We could have a long exchange about whether slasher movies are horror pictures. I’m of two minds. If we say they’re not straight across the board, then we’ve just said that 1933’s Night of Terror isn’t a horror picture. For that matter, you rule out just about every other Old Dark House movie. And what do you do with Jason Lives: Friday the 13th Part VI where Jason comes back from the grave thanks to being reanimated by lightning?

    The supernatural horror film seems to be gaining in acceptance once more. Movies like James Wan’s Dead Silence (2007) got a rough ride in part because they were supernatural in content. When it became clear that the events in Midnight Meat Train were supernatural, the film was criticized for “going off the rails.” That was 2008. I hate to think it was those awful Paranormal Stupidity movies that made the supernatural “cool” again, but it might have been. At least we got Insidious and The Innkeepers out of that deal.

    There’s certainly some justification for admiring the circumstances under which Raimi’s film was made, but whether that makes it a good film is open to question. To me, it makes it “pretty good — considering.” I’m not actually arguing that it isn’t better than this new one, because it is, but less because it had no budget than because it had an element of the viewer not expecting what was going to happen next. The new film is devoid of that. It really is, as I said, a kind of wind-up toy horror.

    I do think the tree business — though obviously inspired by Wizard of Oz and possibly a little known 1944 film called Destiny — is unique to Raimi’s film.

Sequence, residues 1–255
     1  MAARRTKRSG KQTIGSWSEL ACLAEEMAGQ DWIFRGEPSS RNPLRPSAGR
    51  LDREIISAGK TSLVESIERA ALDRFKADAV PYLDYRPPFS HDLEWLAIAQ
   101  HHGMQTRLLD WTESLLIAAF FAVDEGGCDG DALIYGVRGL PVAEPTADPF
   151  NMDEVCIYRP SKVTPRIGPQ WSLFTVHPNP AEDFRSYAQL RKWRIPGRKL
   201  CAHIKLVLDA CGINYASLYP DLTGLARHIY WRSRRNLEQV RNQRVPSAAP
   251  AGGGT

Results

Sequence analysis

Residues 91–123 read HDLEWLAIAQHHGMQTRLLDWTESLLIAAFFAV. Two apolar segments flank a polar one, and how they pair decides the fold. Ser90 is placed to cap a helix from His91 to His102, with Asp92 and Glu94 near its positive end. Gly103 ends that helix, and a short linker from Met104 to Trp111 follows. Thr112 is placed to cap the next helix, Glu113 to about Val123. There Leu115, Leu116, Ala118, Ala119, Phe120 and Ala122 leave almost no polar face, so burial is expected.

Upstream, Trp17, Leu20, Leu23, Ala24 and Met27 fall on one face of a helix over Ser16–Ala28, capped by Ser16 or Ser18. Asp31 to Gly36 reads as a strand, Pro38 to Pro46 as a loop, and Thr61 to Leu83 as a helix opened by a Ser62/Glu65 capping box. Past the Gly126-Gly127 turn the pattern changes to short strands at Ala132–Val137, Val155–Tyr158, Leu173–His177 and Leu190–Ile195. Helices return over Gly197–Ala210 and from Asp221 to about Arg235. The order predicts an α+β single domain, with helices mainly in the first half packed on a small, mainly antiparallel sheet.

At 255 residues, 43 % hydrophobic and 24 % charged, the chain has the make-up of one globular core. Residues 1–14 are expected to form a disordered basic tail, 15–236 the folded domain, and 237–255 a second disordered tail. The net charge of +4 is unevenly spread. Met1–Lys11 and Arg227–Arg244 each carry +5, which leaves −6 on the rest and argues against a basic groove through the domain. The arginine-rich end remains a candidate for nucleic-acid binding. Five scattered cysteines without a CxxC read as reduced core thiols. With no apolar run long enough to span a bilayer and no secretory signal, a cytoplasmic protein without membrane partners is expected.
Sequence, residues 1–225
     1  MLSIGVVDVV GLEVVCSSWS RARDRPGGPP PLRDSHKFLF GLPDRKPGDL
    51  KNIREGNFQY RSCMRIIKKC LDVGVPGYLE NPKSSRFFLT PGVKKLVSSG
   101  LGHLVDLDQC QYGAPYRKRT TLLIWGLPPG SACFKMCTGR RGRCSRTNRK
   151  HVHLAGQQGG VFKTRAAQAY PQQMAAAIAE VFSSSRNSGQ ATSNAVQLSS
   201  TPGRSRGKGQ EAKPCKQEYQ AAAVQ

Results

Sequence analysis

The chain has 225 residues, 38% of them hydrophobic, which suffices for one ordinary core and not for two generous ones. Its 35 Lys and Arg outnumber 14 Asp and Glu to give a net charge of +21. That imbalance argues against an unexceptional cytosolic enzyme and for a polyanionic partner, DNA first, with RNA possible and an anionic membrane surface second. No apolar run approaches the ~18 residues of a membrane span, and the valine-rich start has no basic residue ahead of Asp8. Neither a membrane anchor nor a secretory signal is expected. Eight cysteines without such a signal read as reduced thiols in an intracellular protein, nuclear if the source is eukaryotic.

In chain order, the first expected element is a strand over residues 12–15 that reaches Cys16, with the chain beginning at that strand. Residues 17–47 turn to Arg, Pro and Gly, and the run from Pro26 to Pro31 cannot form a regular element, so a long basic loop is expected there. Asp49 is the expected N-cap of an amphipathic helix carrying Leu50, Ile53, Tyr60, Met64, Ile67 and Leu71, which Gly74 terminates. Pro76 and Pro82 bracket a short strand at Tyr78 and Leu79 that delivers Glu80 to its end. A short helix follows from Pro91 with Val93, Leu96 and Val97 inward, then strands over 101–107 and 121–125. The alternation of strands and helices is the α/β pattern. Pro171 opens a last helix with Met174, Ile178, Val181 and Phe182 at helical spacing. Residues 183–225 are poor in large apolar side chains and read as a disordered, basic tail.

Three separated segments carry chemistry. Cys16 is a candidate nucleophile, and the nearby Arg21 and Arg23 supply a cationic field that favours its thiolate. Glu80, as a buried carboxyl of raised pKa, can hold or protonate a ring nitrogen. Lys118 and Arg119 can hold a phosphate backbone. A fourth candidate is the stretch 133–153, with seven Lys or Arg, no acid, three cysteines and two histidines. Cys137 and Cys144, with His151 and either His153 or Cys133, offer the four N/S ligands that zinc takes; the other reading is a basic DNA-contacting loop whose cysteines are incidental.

17. DrSerizawa

    I take your points about horror including non-supernatural forces. I have probably been over-reacting due to the dearth of supernatural horror recently and the modern tendency to confuse turning your stomach with disgusting violence and torture vs having the daylights being scared out of you in some more hair-raising fashion like in the denouement of PSYCHO. That scene with granny literally had my hair on end. Crap like SAW is just disgusting and not all that frightening really. It’s more pornography than horror IMHO. Alien is a horror movie. Friday The 13th films are just crap.

    I stand by my opinion that horror movie makers would be well advised to watch some of those old Roger Corman Poe flicks and the classic old horror movies to see how much effective atmosphere can be made creatively rather than throwing money around.

    On another subject. We got rid of our TV cable and are just using a digital decoder and an antenna now. Since about all I watch on TV is Masterpiece Theater and TCM it’s a bit of a hardship with the loss of TCM. We were just sik of paying so much $ for hundreds od commercial stations. Anyhow I was channel surfing a bit yesterday evening and came across one of those TRANSFORMER movies in Spanish. I was able to tell exactly what was going on without any trouble even though I speak very little Spanish. Says a lot about the juvenile nature of Mr Bay’s garbage.

  18. Ken Hanke

    I suspect I’m a little more tolerant of certain types of crap than you are — and perhaps than I should be. You’ll get no argument out of me about the Saw movies, though I will say I prefer them as the Halloween staple to these dumb Paranormal Stupidity snooze fests. At least the Saw movies look like movies. Friday the 13th is indefensible, but something about its very existence amuses me. It always seems less a series of movies than a clever ad campaign with something approximating movies attached to it.

    I have to say, however, that I am not keen on those Corman Poe things. The 1930s horrors hold up better — and, for that matter, play better with a modern audience in my experience. The same is true of the Hammer horrors, though they do hold up better than the Cormans — at least the best of them do.

    I have trouble imagining life without TCM, even though I have to admit that it’s very rare these days that they show anything I want to see that I don’t have. I certainly won’t argue that Mr. Bay’s garbage isn’t garbage, though Hitchcock would have said that any good movie should be comprehensible even if the sound goes out. I don’t think this is what he had in mind.